The Leaf-Chronicle from Clarksville, Tennessee on August 6, 1972 · 47
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The Leaf-Chronicle from Clarksville, Tennessee · 47

Publication:
Location:
Clarksville, Tennessee
Issue Date:
Sunday, August 6, 1972
Page:
47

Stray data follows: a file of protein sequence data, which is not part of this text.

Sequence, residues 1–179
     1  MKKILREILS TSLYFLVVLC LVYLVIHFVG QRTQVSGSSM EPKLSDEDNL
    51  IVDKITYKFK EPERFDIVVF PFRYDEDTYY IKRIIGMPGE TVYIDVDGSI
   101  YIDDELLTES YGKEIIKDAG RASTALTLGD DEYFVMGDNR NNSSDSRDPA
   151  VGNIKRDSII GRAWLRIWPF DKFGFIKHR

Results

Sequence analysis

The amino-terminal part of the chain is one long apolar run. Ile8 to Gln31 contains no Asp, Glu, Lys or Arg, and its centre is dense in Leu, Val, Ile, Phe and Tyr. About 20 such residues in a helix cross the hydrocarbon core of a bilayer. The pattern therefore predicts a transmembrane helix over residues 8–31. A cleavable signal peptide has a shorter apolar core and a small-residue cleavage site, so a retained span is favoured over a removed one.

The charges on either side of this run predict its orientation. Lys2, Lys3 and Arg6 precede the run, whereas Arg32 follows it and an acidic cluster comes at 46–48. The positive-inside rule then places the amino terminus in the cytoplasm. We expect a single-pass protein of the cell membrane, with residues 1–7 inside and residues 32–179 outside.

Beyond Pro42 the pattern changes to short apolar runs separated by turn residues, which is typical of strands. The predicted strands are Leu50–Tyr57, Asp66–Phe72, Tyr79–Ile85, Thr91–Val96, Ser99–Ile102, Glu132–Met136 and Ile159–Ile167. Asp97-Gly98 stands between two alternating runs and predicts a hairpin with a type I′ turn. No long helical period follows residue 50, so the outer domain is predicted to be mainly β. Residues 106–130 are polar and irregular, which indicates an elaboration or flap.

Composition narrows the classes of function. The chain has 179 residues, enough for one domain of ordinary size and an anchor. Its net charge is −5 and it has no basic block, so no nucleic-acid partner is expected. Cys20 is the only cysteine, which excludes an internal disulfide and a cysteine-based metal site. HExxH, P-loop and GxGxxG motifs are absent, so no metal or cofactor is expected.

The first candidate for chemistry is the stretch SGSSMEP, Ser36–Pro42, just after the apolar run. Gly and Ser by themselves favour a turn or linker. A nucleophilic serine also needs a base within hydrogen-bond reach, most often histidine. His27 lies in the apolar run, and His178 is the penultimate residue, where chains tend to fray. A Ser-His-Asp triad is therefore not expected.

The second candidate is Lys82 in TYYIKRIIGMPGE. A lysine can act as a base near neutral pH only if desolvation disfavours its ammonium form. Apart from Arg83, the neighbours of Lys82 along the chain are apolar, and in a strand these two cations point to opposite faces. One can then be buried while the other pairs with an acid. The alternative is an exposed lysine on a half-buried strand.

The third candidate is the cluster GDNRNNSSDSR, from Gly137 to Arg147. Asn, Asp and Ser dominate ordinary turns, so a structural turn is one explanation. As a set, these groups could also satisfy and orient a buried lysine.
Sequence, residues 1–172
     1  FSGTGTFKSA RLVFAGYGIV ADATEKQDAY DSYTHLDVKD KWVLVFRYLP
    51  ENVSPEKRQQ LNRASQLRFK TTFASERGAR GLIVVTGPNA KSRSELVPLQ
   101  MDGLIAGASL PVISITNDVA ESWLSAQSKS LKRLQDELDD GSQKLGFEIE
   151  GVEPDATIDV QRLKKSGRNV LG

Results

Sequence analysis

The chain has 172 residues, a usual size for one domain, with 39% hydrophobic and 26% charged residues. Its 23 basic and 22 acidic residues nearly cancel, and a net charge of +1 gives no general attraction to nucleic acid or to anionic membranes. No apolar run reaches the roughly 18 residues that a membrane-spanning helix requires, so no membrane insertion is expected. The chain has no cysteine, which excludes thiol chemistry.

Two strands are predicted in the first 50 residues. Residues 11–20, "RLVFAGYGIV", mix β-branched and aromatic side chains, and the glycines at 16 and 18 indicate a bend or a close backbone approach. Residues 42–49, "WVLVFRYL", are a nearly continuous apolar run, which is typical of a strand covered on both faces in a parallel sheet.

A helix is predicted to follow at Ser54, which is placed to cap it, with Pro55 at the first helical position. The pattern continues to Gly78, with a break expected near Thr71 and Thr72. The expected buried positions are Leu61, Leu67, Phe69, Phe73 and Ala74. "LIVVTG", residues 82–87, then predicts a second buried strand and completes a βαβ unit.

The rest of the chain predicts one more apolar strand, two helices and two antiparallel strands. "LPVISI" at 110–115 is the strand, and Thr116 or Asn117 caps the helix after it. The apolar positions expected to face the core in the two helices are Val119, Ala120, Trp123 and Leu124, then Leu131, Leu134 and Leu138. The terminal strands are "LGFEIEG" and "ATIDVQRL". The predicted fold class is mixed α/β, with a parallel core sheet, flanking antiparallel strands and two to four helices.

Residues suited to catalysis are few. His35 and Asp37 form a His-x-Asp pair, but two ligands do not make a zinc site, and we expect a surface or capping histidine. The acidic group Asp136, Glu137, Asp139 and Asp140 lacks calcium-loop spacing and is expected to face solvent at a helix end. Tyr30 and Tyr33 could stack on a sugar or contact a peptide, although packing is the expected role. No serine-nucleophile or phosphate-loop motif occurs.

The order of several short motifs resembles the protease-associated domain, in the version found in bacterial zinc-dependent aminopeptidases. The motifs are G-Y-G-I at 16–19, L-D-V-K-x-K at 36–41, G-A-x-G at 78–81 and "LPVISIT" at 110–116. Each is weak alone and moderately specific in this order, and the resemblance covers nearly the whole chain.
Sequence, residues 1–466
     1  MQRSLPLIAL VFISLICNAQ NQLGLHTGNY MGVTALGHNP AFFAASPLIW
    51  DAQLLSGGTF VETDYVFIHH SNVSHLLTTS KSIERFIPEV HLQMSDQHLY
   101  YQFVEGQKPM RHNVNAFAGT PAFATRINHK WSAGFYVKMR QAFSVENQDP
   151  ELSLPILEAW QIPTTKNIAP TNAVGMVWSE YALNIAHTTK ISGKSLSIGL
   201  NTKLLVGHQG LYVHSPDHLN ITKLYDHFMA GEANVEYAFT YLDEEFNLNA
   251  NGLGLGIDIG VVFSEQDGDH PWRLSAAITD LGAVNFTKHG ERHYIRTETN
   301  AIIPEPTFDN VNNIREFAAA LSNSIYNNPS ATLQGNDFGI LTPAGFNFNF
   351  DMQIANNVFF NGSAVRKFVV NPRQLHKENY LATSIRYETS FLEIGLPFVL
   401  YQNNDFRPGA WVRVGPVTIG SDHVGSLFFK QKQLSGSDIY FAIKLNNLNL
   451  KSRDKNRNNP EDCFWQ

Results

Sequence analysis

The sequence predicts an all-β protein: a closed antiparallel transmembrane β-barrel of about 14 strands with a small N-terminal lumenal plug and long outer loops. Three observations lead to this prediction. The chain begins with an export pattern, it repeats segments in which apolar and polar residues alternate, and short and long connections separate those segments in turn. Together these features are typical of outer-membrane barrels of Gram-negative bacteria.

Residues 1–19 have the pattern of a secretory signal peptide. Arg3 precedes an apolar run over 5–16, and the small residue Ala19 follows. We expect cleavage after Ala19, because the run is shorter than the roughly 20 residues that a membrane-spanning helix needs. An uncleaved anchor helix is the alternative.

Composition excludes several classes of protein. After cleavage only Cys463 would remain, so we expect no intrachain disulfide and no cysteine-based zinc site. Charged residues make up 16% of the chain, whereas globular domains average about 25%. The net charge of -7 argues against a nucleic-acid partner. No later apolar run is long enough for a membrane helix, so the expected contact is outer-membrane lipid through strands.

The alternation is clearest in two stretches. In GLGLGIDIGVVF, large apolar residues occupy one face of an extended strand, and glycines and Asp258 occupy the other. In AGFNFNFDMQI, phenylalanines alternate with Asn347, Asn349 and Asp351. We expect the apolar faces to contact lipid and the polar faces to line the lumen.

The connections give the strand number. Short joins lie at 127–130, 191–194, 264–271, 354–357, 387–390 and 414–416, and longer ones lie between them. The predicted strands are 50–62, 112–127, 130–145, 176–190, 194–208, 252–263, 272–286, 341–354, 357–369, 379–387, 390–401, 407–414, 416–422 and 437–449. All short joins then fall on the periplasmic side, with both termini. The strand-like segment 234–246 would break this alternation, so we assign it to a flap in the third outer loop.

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Jane Fonda: 'An Acfress lnJKIi RGuoluiionaiQ PolSS-so' EDITOR'S NOTE When Jane Fonda made her first movie, an acquaintance described her as "a proper young lady." She's still young, but the descriptions have changed. She's called revolutionary. Communist and even traitor by some, j: By MARY CAMPBELL j AP Newsfeatures Writer NEW YORK ( AP), What path did Jane Fonda take from . Daddy's little girl to Hanoi? Jane, 'daughter of Henry, did her first acting just after high school, with her father in summer stock, in "The Country Girl" in Omaha and "The Male Animal" on Cape Cod. She did her first movie, "Tall Story," with her godfather, Josh Logan, producing and directing. An acquaintance says she was, then, "a proper young lady." These days, spearheading the traveling anti-Army FTA Show, showing up in North Vietnam for two weeks, bragging that her suitcase contains a few tops and a couple ' pairs of slacks, she is called a lot of things, but "proper young lady" isn't among them. Some think she's a Communist or a revolutionary or guilty of treason;. , - ; . "I don't think I know enough to say I am a such and such and so and so politically," she says, as she stops in New York en route to : Hanoi. -' '" "I'm hot a revolutionary. I'm an actress with revolutionary politics." j Rep. Fletcher (Thompson, R.-Ga., asked the attorney general to bring treason charges against Miss Fonda, saying that Radio Hanoi had quoted her as uring U.S. military personnel in Vietnam to disobey orders. Before she left for Hanoi, she said, "Who are we (the cast of the FTA Show) to tell soldiers? We don't have to go to the brig. I don't think our job is to tell them not to fight, or what to do. We're showing them there is support of their anti-war sentiments." The' present Jane Fonda was born, full grown two and a half years ago. She says, "I reached the age of 32 and discovered I'd wasted 32 years of my life. I realized it because of the war, because of the kind of questions that the ' Vietnam struggle is forcing us to ask ourselves about who we are, what our country means and what we're doing." There's no doubt, she says, but that she'd have developed revolutionary politics sooner if she'd been living in the United States. But in 1965 Miss Fonda married French film director Roger Vadim, whom she met when he directed her in "Circle of Love" in Paris.' She settled into life in France and family life, which included daughter Vanessa, born in 1968. ; "So 1 split. I think it's sad so many people want to leave America. I think you should come back to your country when it is going downhill. j got off the plane in Los Angeles I had been in India on the way and Indians were on my mind. Ramparts Magazine was on a, newsstand there. On the. cover was an American' Indian woman looking angry and the words lotted Power.'' I thought, what ilthis? It blew my mind. I hadn't known anything; I couldn't believe what we had done to the Indians. ! j "When I get an idea, I usually plunge in. I plunged. m i : t , f r I rK 1 i Law a n L J y iff . .. j $ i AntlMilltary Tour AP NewsfMtura ? , On tour in the Philippines with her FTA show, Jane Fonda exchanges smiles with students at a Manila school. Miss Fonda, Donald Sutherland, rear center, and other entertainers put the nonracist, nonsexist and anti-military show together for GIs and traveled to bases to give it, first in this country and then overseas. A movie was made of the five-week tour of the Pacific. ' . i "In trying to make up for 32' wasted years I went very fast and tried to make contact ! with as many people as possible." Miss Fonda spoke out on women's rights, demonstrated on behalf of welfare children and California farm workers and arranged bail f orlsome Black Panthers charged wih illegal possession of weapons. Then, she says, she decided to concentrate "on ending this war helping to have l hat happen. ;"The war relates, to everything. What we're doing to Vietnam is exactly what we did to American Indians, not only in terms of ' killing them off and destroying their land but pitting them against each other : We're destroying their culture.? That is racism and genocide and we have a history of that." :j F - ' .?' jf- I t AP Wlrephoto So is the next step the violent overthrow of the American government? ' t l-K :' -. ' ;j . ' . f 'To me revolution means rapid fundamental social change. I don'f. believe that the kind of change that is necessary is going to happen through evolution. Who wants violence? I don't..' I hate violence. But I don't think it is going to be up to us to decide." ?w.nimer; Chorus. Concert erybody else is much more conservative, Vadim continues to live b France. "We're separated, not Regally, just separated. We're friends. My daughter is over there now." Hanoi Visitor Jane Fonda wears a helmet during a visit to an antiaircraft gun unit in Hanoi. Miss Fonda recently visited iWh Vietnam. The photograph is a radio photo monitored in Warsaw, Poland. Is Saturday At Lipscomb AP Newsfeatura Actress And Activist Jane Fonda gestures as she talks earnestly about her political beliefs in a New York interview. Miss Fonda, who won an Oscar for "Klute," calls herself "an actress with revolutionary politics,'! and has recently become one of the most spotlighted female political activists. Her main concern at present is to bring about an end to the war in Vietnam. - ' I ' I -l - : ! ' .4 s t; :. . ; Jane Fonda was nominated for an Oscar for "They Shoot Horses Don't They?")ast year but did not win. This year she won for "Klute." Some have speculated that the climate in Hollywood has beconie more accepting: of an actress with revolutionary political ideas. Miss Fonda says, "I guess they just thought I gave a better performance. I thought so, too." v IS . David Lipscomb College will present its summer chorus in a free program Aug. 12 at 8 p.m. in McFarland Hall. Soloists Jerry Jennings and Marion Cawood are members of the Lipscomb faculty and have sung in opera in Europe as well as in solo engagements in this country. : - , Jennings, a tenor, is under contract with Columbia Artists ami sings frequently in New York and other cities throughout the country. ' -: j ' Miss Cawood is now appearing as soloist in a comic opera program at Cheekwood in Nashville and will be soloist with the Nashville Symphony Orchestra in the coming season. She is a Soprano, . : t Director of the chorus is Dr. Gerald Moore, assistant professor of music. Students to be featured in the latter number are. Gil Lamb, Nashville, drums; Bobette Bonds, Libertyville, . III., vibraphone; and Annette Johnson, Glasgow, Ky., electric piano. ; , ; i